Making a Difference

It’s important to us to make a difference in the communities in which we live and work.

Making a Difference

Making a Difference

It’s important to us to make a difference in the communities in which we live and work. When not in the office, several of our colleagues are proud to support a variety of good causes.

Here’s why it matters to them:

John James, Investment Manager

Member of the investment panel of Resilient Scotland 

Resilient Scotland provides social investment to enable organisations to have an impact in the regeneration of their communities.  As an investment manager, some of my skills are not generally transferrable to the third sector, however, I am able to evaluate the viability of a business at a high level; clearly aligned with the advice Resilient Scotland offers.

I have been involved in managing charity money since the 1990s and simply felt it was time to give something back. I’ve seen the positive impact social enterprises make to our community: co-working spaces, childcare facilities, training providers, mentoring to name but a few.  I am delighted that my skills can be used to help them to make the most of their money.

Bill Cant, Consultant

Treasurer for The Scottish Country Dance Society

As an enthusiastic Scottish Country Dancer for many years, I volunteered for the role of Treasurer of the Royal Scottish Country Dance Society, headquartered in Edinburgh. The principal objective of the Society is to promote and develop Scottish country dancing worldwide for the benefit of present and future generations. The Society has 11,600 members in 158 Branches covering the UK, Europe, North America, Australia, New Zealand and Japan.

It is interesting to note that the challenges facing this 90 year old organisation are similar to those facing many businesses, an aging population and the impact of the internet where members can download manuals and tracks from the Society’s CDs rather than buying the physical CD or documents. We work hard to involve young people and our annual young dancers event, Spring Fling, was held in Bonn in Germany this year and attracted 150 dancers from across Europe including Russia, Germany, Austria, France and the UK.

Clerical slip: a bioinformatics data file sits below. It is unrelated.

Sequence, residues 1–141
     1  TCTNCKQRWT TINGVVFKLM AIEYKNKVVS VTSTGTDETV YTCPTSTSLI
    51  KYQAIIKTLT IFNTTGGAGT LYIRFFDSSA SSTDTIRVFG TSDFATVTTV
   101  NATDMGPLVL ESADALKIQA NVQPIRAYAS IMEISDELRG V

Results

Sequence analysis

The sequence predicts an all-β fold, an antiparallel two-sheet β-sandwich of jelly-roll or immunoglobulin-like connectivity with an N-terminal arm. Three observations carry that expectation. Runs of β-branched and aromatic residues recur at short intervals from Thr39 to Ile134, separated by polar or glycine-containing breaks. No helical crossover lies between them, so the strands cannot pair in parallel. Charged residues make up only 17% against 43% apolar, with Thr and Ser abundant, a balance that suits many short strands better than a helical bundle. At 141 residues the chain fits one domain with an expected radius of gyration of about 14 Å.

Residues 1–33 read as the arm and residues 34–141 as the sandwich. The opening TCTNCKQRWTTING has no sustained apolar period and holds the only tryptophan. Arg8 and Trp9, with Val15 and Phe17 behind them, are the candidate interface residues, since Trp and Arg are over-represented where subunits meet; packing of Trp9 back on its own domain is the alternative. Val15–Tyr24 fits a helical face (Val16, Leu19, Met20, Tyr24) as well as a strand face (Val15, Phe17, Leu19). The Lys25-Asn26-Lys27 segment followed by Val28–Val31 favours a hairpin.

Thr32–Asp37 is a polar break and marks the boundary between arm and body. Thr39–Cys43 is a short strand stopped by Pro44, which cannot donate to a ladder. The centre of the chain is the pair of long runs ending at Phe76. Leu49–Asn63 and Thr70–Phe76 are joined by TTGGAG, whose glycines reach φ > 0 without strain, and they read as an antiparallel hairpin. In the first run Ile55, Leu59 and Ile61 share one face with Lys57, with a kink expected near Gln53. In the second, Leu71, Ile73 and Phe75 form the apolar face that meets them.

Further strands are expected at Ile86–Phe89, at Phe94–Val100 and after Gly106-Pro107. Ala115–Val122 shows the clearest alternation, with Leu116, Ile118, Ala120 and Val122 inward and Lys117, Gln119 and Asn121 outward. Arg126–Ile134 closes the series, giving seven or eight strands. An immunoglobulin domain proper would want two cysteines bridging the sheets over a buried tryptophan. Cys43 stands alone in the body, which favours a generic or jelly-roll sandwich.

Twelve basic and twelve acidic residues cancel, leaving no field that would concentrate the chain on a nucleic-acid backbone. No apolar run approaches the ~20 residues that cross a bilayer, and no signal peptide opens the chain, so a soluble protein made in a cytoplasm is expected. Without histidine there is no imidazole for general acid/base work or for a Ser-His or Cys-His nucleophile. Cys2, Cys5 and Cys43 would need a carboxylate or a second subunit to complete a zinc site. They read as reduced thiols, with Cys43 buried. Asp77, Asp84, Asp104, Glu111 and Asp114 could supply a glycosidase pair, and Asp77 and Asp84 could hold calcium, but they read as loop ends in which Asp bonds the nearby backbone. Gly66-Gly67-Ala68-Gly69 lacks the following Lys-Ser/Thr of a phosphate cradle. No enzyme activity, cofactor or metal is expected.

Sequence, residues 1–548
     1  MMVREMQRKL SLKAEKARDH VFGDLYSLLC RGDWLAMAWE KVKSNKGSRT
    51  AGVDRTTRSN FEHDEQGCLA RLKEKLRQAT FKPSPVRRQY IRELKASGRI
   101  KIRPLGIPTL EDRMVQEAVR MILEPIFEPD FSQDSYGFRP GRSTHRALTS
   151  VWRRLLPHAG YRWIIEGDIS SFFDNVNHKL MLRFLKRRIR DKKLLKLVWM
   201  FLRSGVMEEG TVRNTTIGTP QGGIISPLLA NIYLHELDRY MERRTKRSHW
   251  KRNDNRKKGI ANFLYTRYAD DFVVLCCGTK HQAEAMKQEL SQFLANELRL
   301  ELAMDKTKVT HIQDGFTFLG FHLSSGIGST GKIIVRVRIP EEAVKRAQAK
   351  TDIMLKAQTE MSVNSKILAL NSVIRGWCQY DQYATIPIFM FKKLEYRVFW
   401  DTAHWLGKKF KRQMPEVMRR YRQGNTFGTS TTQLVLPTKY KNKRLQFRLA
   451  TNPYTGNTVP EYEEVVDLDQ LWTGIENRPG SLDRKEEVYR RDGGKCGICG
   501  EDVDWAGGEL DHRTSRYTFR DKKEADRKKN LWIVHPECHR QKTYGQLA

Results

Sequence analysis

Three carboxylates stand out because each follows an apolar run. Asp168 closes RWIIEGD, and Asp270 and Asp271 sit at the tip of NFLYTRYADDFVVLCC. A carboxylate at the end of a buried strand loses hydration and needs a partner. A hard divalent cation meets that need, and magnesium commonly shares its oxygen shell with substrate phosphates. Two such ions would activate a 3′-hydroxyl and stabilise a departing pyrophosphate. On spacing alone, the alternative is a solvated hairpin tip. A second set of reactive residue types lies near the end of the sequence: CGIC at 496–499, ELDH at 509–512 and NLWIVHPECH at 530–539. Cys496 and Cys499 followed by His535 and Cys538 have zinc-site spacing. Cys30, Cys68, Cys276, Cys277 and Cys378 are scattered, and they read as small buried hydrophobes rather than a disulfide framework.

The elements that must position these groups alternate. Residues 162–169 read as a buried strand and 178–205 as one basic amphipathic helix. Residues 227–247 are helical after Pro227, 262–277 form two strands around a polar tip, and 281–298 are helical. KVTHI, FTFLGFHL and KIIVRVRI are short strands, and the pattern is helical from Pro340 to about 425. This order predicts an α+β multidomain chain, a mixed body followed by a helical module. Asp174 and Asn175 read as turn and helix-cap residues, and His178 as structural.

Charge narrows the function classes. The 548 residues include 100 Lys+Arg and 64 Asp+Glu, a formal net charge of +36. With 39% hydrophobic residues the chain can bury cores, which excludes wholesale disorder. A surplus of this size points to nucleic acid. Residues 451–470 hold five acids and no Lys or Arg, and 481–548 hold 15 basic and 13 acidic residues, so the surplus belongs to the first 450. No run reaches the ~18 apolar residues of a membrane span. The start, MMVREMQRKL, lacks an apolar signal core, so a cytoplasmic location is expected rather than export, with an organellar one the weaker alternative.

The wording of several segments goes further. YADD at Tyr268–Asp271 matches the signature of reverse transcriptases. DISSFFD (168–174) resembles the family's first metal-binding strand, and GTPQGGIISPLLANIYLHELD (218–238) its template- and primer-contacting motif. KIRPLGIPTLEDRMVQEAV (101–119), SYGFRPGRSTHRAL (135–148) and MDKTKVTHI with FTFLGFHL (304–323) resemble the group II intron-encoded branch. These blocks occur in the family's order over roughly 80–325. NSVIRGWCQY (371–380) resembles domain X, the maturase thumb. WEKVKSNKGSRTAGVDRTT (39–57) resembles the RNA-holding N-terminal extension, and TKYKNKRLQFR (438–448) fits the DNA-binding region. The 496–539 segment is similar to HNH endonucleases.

Leigh Grubb, Chief Operating Officer 

Vice Chairman for Discovery Credit Union

I’ve lived in Dundee for most of my life. Though a city very much on the up, there continues to be high levels of poverty and financial exclusion, and I was keen to support an organisation that seeks to address these issues in a positive way.

The role of the Discovery Credit Union is to provide affordable and responsible credit for people living and working in and around Dundee. Its ethos is to create a real sense of community and sustainability – members typically save regularly with the credit union and borrow against their savings balance – encouraging a savings habit while providing access to credit for individuals who might otherwise be financially excluded, or who may only be able to access credit via organisations such as “pay-day lenders”.

The business, which is regulated like a bank, has only a handful of dedicated full-time employees who are supported by volunteers to deliver the services of the Credit Union. All board members also act on a voluntary basis, to support the management and staff on the broad range of issues associated with operating any business, particularly one that operates within the regulated sector.

It’s good to know that my skills and experience in the financial services industry positively affects the lives of others in my local community, as we support the development of Dundee at all levels.

Leigh Hudson, Human Resources Manager

Non-exec director at Live Active in Perth.